Under Blueprints you’ll find starter templates for every type of game you can imagine. They all come ready to play and dissect. A preview screenshot and description will tell you more about each option. I literally launched every single one of them, hit the PLAY button in the Editor and could play each template with my Xbox Controller. Seriously cool!
The C++ section has many of the same project templates, however the Windows SDK must be installed for those to work. I can only image that those will behave the same, but have the relevant code exposed for developers. I have not managed to get those to open on my system.
Under Unreal Studio there are three options for creating a scene designed without it to become a video game. They do not allow you to target specific platforms, nor do they allow the importing of starter content as other options do. The Studio Templates are designed to contain a single scene (level) instead, including a template to have multiple users view the same scene from different angles at the same time.
Even though I had never seen a game engine interface before, all the menus felt strangely familiar. Everything seemed to make sense, like it (usually) does in other 3D applications. That’s a good start I thought! Click to enlarge for a closer look and see if you feel the same way.
On the left of the main window we have options to drag items into our scenes, anything from a primitive to a light source, an atmospheric effect, or even a player start and an audio effect. Once they’re in the main scene window, we can select one and see a familiar 3D Gizmo for manipulation appear. We can change what it does either from the icons at the top of the window, or use the Maya style hotkeys W, E and R (for move, rotate and scale respectively).
When an item is selected, a context sensitive Inspector type window labelled Details shows us the properties about the selected item. Here we can change its translation/location numerically, change material properties and whatever else is specific to this object (like intensity and boom for lights, or depth of field for cameras).
Above the Details Panel sits the World Outliner. It shows us a hierarchical view or all the items in our scene, with the option to parent and organise items into folders. We can also make objects disappear from view with the familiar eye icon controls. We also get filtering and search options, which is invaluable for larger scenes.
To round off the interface tour there’s a Content Browser at the bottom of the workspace. This is a file browser that lets us look at all files that make up our project, including assets we have decided to import. Note that assets need to be added to our project before we can use them in our scene.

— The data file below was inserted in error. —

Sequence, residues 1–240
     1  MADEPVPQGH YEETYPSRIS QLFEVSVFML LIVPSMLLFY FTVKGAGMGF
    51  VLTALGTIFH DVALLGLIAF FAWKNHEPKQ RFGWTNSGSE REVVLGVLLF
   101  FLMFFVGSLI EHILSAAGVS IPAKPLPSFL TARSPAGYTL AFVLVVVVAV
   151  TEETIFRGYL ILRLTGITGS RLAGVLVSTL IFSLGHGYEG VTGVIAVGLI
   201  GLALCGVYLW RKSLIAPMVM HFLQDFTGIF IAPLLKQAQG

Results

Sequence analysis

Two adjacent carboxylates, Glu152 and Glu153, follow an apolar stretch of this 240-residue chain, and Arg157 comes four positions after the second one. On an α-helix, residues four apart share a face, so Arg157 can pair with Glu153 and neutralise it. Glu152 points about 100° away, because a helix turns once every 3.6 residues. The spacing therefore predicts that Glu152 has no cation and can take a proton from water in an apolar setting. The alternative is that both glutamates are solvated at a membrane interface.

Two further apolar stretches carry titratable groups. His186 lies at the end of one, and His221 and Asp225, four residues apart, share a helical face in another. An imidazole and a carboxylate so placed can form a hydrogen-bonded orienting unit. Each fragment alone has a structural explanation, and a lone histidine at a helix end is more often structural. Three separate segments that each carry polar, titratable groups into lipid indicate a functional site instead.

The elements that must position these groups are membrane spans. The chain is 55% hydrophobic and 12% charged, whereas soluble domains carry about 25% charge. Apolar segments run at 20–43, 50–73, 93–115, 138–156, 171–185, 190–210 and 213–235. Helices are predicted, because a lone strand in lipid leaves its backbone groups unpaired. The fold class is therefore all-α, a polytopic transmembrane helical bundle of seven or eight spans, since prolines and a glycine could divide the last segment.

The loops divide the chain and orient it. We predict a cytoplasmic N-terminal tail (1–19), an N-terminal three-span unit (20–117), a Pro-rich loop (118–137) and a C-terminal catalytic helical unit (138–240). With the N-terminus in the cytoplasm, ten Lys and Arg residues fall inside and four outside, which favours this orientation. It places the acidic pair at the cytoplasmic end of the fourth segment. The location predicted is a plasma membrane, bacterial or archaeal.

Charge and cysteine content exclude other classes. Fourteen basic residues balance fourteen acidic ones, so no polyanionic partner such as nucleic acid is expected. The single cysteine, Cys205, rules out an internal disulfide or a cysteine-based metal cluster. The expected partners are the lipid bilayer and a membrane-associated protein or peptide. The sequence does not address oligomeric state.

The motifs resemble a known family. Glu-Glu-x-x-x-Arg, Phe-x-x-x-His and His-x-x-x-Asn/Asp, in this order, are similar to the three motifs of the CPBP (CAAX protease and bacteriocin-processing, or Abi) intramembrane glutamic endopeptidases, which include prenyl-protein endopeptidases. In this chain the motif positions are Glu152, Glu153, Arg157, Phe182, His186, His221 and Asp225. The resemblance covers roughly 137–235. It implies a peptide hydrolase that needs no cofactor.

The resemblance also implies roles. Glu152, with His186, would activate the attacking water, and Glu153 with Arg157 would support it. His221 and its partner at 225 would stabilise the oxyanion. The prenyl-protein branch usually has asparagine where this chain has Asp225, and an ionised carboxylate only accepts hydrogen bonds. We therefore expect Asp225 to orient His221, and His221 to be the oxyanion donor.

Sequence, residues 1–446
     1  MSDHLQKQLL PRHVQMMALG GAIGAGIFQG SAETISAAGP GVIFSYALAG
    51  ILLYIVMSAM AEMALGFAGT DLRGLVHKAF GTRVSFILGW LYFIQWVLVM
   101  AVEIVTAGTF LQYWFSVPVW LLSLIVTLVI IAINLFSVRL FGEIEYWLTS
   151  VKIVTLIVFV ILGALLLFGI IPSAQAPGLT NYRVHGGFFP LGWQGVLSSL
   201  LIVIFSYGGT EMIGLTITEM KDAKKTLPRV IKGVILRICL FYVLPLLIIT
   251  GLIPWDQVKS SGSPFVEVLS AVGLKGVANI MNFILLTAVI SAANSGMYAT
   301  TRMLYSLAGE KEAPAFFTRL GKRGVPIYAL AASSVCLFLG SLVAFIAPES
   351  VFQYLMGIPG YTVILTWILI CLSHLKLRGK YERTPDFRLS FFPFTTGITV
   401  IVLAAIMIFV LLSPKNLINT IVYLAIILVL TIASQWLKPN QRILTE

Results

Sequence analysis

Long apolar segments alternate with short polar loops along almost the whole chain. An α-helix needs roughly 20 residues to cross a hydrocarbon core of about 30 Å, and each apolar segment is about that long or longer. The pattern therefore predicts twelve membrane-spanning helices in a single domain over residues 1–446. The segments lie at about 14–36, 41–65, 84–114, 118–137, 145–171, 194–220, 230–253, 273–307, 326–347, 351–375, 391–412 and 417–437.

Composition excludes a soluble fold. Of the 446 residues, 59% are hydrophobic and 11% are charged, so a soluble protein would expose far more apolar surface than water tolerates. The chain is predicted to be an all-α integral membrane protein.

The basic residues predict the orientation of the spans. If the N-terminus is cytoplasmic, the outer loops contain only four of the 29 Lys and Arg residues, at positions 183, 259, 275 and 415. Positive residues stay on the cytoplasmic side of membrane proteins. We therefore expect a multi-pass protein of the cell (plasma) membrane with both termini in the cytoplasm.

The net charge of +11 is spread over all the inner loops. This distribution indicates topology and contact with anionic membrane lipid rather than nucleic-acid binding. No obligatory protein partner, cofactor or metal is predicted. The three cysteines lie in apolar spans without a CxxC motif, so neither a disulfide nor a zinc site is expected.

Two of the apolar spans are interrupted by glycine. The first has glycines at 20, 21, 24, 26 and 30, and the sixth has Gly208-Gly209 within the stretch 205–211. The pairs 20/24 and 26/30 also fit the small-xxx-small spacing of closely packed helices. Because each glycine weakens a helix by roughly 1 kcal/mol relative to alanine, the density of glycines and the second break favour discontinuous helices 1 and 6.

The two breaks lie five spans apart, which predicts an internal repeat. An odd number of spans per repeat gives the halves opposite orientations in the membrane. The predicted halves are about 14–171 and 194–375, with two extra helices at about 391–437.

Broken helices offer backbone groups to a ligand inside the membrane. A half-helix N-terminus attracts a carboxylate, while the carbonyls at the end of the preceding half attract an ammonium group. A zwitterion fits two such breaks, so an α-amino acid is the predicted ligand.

Unreal Engine doesn’t have a central library of “everything” like DAZ Studio or Poser have; instead you decide what items you’d like to use in your project and add content packs, which then appear in the Content Browser. At that point, it’s a matter of finding what you’d like to use (again with search and filtering options at your fingertips) and drag the items into your scene, or rather into your level. It is possible to add content packs to your project after you’ve started them of course.
A level in Unreal is what other 3D apps know as a scene. Being a video game engine, it is likely that we may have more than one scene to which we want to switch. Hence, our project can have several levels, each of which is an independent scene. A project can share assets across various levels, so in an adventure game we may have an indoor level and an outdoor level. All assets are part of our project, but each level is designed independently.
Navigating the Viewport
Much like my experience with the Unity Engine, navigating the viewport took a little time for me to get comfortable with. My main confusion stems from the fact that when you drag around the left mouse key, the interface defaults to “first person look mode”, not “tumble around an object” mode. Most of it is intuitive, but some of it requires further explanation that I couldn’t find easily.
Unreal does however have a system, and it’s easy to grasp once we understand it. So here’s what I found out – perhaps I’ll turn it into a Cheat Sheet later:
- LEFT CLICK and drag will pan left/right in your scene. Moving forward and back will navigate you through the scene. I guess the emphasis is on getting around, rather than examining objects.
- RIGHT CLICK and drag will look around the scene, as if you’re track balling from the position you’re standing. This is the first person view, as if a character was looking around in all directions
- MIDDLE CLICK and drag will pan your position in all directions. So moving up or down, left or right. It’s also known as strafing, but includes up and down.
- PRESS F to focus on a selected object, which means the camera shows it centre screen and move you to it.
- ALT + LEFT CLICK will tumble around the selected object, so you can look at it from all sides.
- ALT + RIGHT CLICK will zoom in/out of your scene. Scrolling the mouse wheel will do the same.